Add A Creative Touch To Your Pictures

Original

We all strive for pictures that look unique, artistic and creative. That goes for when they’re framed and hung on a wall, when they’re posted on the web, and maybe even when they’re published in a book or magazine article. One creative idea is to add emphasis to the main or central subject in an image. Another is to dress up the image with a digital frame or border. In this column, we’ll cover a few easy techniques for accomplishing both goals—and more.

1.

As a main illustration for this column, I’ll use a photograph I took of a leopard while ?I was on a safari in Botswana. This image is a straight shot: a RAW file with some minor Levels adjustments.

2.

Many of the Renaissance painters used darker color inks around the edges of the painting to draw interest and attention to the “centerpiece” of the work of art. We can create a similar effect in Photoshop CS3 and in Photoshop Elements 6.

In Photoshop CS3, go to Filter > Lens Correction and move the Vignette sliders all the way to the left. That’s what I did on my leopard photograph. In Photoshop Elements 6, go to Filter > Correct Camera Distortion and move the Vignette sliders all the way to the left to create the same effect. For a less intense effect, move the sliders only partially to the left.

3.

A tight crop also draws more attention to the subject. So does creating an image that shows a full-color subject against a black-and-white background. I used those two techniques to create this image. After cropping, here’s the technique.

In Photoshop CS3, create a Hue/Saturation Adjustment Layer (Layer > New Adjustment Layer > Hue/Saturation and then desaturate the new adjustment layer. Then, with black selected as the foreground color, select a soft-edge brush and paint over (mask out) the main subject area on the Layer Mask (which restores the full color of the subject).

In Photoshop Elements 6, you can create the same effect by first selecting the Sponge Tool (near the bottom of the Tool Bar). Next, select Desaturate in the Option Bar at the top of the Photoshop Elements 6 window. Now, simply paint over the area of the photograph that you want to convert to black-and-white.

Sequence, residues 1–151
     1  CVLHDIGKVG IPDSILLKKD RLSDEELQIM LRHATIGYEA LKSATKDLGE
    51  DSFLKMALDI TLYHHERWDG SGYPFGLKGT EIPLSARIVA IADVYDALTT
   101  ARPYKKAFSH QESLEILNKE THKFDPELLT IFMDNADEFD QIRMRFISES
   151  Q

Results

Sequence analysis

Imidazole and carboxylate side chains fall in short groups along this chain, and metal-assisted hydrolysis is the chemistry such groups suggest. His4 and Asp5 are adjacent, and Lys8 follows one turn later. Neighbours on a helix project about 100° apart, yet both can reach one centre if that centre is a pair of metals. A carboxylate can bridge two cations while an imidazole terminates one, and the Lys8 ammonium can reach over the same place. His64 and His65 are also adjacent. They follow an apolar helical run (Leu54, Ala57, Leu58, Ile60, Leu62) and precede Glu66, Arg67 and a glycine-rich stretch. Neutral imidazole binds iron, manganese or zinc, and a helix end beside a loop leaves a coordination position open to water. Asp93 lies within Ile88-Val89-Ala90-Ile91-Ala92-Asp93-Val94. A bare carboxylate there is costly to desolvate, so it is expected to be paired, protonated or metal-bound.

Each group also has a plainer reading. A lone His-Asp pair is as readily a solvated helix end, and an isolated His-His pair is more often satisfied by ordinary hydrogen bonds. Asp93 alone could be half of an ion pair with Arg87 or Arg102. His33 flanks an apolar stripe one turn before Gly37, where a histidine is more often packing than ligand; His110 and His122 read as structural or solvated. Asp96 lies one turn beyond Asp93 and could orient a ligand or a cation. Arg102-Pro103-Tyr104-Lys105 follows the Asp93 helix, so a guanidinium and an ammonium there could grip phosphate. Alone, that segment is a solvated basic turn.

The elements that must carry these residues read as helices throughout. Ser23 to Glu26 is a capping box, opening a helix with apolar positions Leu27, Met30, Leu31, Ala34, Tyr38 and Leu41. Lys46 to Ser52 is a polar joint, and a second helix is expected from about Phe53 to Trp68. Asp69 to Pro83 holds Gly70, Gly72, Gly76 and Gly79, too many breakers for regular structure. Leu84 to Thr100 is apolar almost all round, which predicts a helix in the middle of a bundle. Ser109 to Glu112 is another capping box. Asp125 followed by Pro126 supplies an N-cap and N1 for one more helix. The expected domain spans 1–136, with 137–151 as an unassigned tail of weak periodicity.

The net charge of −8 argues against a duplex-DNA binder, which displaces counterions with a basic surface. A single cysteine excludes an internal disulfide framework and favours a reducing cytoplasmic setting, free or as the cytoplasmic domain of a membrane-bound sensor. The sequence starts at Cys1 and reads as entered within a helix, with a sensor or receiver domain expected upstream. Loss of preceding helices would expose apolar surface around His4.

4.

A variety of Photoshop plug-ins, which work with both Photoshop CS3 and Photoshop Elements 6, can be helpful tools for making your images stand out from “straight” shots. Let’s take a look at two of my favorite plug-in effects.

I enhanced my leopard image by applying the Midnight filter in Color Efex Pro 3.0 from Nik Software (www.niksoftware.com). Then I applied a Brush Frame in PhotoFrame Pro 3 from onOne software (www.ononesoftware.com).

5.

Adding a drop shadow, (which creates the impression that the image is floating on a page), and then adding a hairline border is a great way to add impact to an image, especially when you want to post an image on the web. In Photoshop CS3, you can add a drop shadow by going to Layer > Layer Styles > Drop Shadow and then by playing around with the different shadow options. In Photoshop Elements 6, go to Image Effects and select one of the Drop Shadow effects.

Final

In both image-editing programs, you first need to create a duplicate layer (Layer > Duplicate Layer) and increase the canvas size of the image (in CS3, Image > Canvas Size; in Elements, Image > Resize > Canvas Size) so your drop shadow can be seen.

You also can add a hairline, again in both programs, by first selecting the Rectangular Marquee tool, selecting an area, and then by going to Edit > Stroke. Select the color and width of the hairline that best suits the picture and your creative needs.

As a final touch, especially for web images, I like to add my name to the image—making it look like an autographed print. Using the Type tool, select the type size and font that you like (I used Snell Rounded). Then, all you need to do is “autograph” your print. You can place the type anywhere in the image by using the Move tool.

Of course, the most important technique for making a creative image is to start with a great photograph. Sure, it’s a good idea to envision the end-result in the digital darkroom, but it’s important to always strive for the best possible in-camera image.

Rick Sammon teaches dozens of photo workshops and seminars, and has published 28 books, including Face to Face-Rick Sammon’s Complete Guide to Photographing People, Idea to Image and Rick Sammon’s Complete Guide to Digital Photography 2.0. Visit www.ricksammon.com for more information.

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